By Ivana Saula
Mass unemployment, a slow recovery and debt incurred over the last few months have prompted discussion about Universal Basic Income (UBI). Success of the Canada Emergency Response Benefit (CERB) has been used as a prelude to a conversation about UBI, given how effective it was in assisting thousands of workers who lost their jobs during the pandemic. Missing from this narrative is that many workers were initially excluded, and that CERB was only intended to work as a temporary financial aid program.
CERB was never intended to address poverty, rather to perform a role that a broken, and dismantled EI system could not manage in a crisis. UBI’s objectives, while somewhat similar, are different in intent. Unfortunately, ongoing public debate blurs the distinction between different policy tools, such as emergency financial programs, and those that aim to address social and systemic issues, like poverty.
The spin on basic income is overwhelmingly positive, but important considerations are being ignored. Very little attention has been given to objectives UBI aims to reach; is it to supplement inadequate wages, reform EI, eradicate poverty, even the playing field for the working poor, and those living in cyclical poverty?
It may surprise you that UBI is not a new concept. It was first put into practice in 1795 to help agricultural workers amidst a crisis. The program was costed on the price of bread and adjusted for family size. The policy ended up hurting those it was intended to help, resulting in the Poor Laws and establishment of workhouses. Since then, every other pilot and attempt at universal basic income was a failure, if measured by who ends up paying for such a program, how and whether those it’s meant to help are better off.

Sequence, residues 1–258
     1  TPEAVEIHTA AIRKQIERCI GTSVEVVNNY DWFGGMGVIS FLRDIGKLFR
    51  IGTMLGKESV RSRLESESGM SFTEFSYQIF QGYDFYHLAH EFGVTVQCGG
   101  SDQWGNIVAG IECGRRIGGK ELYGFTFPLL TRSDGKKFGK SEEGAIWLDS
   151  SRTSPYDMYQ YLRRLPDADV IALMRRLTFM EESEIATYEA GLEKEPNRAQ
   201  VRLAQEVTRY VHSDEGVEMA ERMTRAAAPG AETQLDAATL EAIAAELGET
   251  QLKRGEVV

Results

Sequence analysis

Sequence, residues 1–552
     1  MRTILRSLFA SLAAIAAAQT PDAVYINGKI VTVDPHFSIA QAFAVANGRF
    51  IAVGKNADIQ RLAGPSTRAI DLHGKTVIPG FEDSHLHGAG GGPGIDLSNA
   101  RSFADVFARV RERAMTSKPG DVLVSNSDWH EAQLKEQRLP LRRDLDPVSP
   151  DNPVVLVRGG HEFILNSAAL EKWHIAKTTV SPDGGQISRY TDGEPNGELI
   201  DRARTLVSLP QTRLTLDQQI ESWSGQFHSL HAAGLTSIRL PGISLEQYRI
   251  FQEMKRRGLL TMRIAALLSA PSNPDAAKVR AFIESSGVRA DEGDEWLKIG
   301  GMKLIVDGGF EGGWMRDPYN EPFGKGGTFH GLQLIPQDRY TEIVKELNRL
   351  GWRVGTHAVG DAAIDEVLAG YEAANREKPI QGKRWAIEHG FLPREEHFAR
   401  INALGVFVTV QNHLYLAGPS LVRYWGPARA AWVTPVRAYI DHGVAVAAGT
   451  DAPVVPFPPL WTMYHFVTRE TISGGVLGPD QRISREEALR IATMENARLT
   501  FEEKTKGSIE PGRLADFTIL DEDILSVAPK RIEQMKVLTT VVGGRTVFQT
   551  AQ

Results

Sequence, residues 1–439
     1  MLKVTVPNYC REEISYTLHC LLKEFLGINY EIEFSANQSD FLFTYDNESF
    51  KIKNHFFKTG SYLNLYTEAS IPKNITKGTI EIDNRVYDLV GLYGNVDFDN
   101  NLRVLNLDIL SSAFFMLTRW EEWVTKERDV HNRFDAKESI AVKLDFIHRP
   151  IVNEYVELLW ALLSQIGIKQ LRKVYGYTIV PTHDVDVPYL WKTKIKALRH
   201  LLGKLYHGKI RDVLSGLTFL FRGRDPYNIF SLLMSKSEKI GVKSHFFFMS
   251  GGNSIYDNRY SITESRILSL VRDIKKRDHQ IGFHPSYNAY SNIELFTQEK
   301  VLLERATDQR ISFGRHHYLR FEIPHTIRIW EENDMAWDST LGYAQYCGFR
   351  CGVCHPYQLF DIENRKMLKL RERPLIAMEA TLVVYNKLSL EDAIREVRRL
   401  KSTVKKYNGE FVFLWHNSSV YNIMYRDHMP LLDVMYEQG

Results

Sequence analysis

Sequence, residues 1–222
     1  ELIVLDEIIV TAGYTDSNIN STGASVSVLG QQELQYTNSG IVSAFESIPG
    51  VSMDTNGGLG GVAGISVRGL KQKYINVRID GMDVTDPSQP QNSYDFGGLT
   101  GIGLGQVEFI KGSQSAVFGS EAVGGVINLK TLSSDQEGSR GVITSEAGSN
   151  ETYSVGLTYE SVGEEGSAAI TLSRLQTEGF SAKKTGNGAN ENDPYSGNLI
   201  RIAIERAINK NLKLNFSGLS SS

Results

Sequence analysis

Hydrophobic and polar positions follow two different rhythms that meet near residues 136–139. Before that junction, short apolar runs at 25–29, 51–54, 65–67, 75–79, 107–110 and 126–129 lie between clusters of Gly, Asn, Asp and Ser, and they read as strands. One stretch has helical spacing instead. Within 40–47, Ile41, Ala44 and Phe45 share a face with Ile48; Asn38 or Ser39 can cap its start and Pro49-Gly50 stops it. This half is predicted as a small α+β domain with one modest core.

Fast forward to 2021, and we are faced with the same dilemma and a crisis. Decisions about who would pay for UBI and how much will be hotly debated. There’s already been discussion over costs to the middle class if such a program was put into action. If it’s the middle class that’s on the hook, policy makers should not ignore that wages have been declining, while costs of living have been rising disproportionately, and that an average Canadian is $ 200 away from insolvency. If that’s the solution, then even more people would slide into poverty.
Bringing all those living in adverse poverty to the poverty line would cost $ 32 billion, which merely means that people living in abject poverty would live marginally better. But, what could an investment of $ 32 billion achieve?
The Centre for Policy Alternatives estimated that a $ 32 billion investment would make the following possible; pharmacare, improved water and wastewater systems, new sustainable infrastructure (including housing retrofits and public transit, elimination of tuition fees, new housing and housing benefits, child care, mental health care, and the elimination of interest on student debt.
All of these would improve the lives of not just the poor, but for everyone. Above all, in expanding availability of resources, and improving access, we can use resources collectively in ways that that strengthen our families and communities. Likewise, we can build a stronger movement when workers are able to exercise their agency, build workplace democracy, fairness and justice on the job and the political sphere.
As we’re likely to see more debate on this topic, we should ensure that we’re informed, and educated about all policy options, including a policy premised on job guarantees, and creation of jobs that are fairly compensated, fulfilling, and safe. We should also ask for fair taxation policies, where everyone pays their fair share, rather than the shrinking and struggling working class bearing the brunt.
And a philosophical question remains, are we better off when we have more money or when we need less money? How and where we divert public money at this critical time, will impact generations of Canadians.
The pandemic has given us an opportunity to re-evaluate the status quo; let’s not repeat mistakes of the past.